Foreword Review — May / June 2001
With the publication of Adcock’s latest book of poems, Texas cowboys will have to make room for another recognizable state figure: the poet.
Intervale brings together more than two decades of Adcock’s poetry, work that pays homage to both her native East Texas and the broad world beyond. A winner of numerous awards and honors including a Pushcart Prize and NEA Fellowships, Adcock has published four previous books of poetry.
From her first book, Walking Out, published in 1975, to the newest poems in this collection, Adcock crafts elegant—often elegiac—verses from the familiar material of the tangible world, as in “Southbound”: “A green glass vase from a grave in a field / comes flowerless to your hand, holds a smell / of struck matches, of summer on rust, of running / water, of rabbits, of home.” Adcock focuses a careful eye on the minutiae of the world and finds not only beautiful details, but a mirror to the self and humankind.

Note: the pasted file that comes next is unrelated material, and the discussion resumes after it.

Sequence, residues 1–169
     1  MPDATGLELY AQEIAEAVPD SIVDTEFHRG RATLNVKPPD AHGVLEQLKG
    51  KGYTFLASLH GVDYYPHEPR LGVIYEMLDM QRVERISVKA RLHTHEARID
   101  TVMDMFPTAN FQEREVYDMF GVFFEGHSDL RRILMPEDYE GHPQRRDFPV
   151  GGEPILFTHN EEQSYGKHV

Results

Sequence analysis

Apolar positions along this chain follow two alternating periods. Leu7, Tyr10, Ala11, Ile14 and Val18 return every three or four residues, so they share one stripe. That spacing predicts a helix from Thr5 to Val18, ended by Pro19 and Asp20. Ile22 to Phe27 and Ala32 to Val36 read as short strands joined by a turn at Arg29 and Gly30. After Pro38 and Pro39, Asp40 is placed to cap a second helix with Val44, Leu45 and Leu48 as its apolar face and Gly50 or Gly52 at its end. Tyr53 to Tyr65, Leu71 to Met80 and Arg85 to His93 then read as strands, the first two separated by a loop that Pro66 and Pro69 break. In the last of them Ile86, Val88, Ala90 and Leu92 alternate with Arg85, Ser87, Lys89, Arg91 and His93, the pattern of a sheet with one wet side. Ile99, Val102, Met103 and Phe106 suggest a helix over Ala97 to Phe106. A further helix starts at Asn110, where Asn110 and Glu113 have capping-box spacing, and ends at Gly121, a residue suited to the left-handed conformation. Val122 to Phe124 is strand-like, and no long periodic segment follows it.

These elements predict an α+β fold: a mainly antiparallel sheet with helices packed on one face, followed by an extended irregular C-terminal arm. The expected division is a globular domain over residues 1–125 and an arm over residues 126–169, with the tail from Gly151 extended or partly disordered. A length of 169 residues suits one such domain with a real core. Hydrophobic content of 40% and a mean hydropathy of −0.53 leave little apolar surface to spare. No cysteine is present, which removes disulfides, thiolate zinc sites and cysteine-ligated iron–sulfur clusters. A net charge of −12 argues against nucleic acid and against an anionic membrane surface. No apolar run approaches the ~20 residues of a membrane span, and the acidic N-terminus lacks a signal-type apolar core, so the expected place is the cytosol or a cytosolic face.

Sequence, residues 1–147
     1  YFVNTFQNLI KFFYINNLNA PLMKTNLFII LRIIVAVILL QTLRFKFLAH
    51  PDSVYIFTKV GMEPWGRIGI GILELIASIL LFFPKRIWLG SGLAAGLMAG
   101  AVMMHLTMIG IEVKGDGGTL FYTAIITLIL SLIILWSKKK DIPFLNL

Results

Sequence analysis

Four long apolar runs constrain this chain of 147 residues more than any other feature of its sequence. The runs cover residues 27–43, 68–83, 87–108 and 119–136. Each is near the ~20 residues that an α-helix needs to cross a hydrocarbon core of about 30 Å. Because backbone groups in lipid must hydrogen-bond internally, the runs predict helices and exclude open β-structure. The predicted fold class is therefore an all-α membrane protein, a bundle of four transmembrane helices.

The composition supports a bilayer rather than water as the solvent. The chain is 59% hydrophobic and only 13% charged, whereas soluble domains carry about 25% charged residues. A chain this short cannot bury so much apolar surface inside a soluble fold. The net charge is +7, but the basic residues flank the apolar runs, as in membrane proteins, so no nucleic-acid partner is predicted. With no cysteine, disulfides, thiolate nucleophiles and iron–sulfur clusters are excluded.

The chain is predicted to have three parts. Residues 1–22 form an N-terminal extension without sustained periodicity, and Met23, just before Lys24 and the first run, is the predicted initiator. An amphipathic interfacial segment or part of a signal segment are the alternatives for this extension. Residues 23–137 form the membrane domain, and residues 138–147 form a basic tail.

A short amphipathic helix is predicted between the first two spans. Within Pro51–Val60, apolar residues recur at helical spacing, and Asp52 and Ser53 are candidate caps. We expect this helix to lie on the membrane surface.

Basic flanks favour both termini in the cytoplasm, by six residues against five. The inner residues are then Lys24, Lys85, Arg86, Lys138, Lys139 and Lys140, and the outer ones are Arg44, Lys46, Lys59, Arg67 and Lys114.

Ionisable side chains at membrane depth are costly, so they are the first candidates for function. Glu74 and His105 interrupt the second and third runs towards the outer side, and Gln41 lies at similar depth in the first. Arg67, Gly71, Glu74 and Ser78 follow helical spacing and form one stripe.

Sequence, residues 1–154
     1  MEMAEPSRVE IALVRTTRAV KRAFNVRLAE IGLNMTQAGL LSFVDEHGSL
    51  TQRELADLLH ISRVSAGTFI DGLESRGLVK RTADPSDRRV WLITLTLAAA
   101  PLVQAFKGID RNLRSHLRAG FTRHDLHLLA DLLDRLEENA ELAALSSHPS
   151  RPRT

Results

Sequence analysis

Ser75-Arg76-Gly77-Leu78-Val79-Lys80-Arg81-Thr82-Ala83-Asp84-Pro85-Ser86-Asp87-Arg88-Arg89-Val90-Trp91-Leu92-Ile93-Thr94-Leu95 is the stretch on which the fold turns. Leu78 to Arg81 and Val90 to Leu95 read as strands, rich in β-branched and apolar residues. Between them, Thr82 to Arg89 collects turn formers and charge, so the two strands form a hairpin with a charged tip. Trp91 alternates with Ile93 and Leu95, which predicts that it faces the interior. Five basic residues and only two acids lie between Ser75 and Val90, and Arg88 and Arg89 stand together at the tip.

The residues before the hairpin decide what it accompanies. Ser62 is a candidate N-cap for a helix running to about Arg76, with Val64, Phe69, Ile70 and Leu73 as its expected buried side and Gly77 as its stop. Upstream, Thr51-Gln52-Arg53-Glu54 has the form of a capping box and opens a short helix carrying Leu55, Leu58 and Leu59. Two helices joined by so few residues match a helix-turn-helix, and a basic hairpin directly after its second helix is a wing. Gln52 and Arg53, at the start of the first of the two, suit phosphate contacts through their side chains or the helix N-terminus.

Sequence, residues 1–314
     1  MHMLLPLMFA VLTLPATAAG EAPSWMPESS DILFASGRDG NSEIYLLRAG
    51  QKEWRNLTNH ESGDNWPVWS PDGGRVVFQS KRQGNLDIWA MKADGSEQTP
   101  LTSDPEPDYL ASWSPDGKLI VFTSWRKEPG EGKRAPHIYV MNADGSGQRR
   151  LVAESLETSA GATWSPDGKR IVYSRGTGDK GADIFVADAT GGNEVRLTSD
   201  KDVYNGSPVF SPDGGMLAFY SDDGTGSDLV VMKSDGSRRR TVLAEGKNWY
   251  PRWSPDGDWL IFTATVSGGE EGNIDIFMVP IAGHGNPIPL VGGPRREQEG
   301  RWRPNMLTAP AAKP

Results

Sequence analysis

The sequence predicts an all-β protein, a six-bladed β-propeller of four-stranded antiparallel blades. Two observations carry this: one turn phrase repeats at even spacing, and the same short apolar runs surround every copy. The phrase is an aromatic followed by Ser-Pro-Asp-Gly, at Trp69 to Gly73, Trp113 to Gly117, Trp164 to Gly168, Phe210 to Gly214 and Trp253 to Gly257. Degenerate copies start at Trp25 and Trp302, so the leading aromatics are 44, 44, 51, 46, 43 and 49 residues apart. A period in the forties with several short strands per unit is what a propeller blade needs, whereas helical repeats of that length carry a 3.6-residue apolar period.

While many of the poems excavate the poet’s personal history, as in the title poem “Intervale,” a long elegy to her mother, and in earlier works, “To Sylvia, Grown Daughter” and “Remembering Brushing My Grandmother’s Hair,” Adcock’s project seems as much about attending to the intervals that exist between unrelated beings or geographies, as to those that divide or join generations of kin. The speaker in “Blind Singer” imagines the world through the perspective of a sightless woman, and in “Time After Time,” Adcock eloquently mourns the loss of scratches in restored vintage records, an action metaphorically and thematically linked to a diminished respect for past eras.
Though at times the work might rely too much on the personal with no clear or even subtle view beyond the self, the poet presents a genuine curiosity about the greater world as in “The Clouded Leopards of Cambodia and Viet Nam” when she writes that “To come close to what they know / would feel like thunder and its silent afterword.” Regardless of her poems’ subjects, readers can expect to find pleasure in this poet’s genuine affection for and careful observation of the world as it exists in both her own and others’ backyard.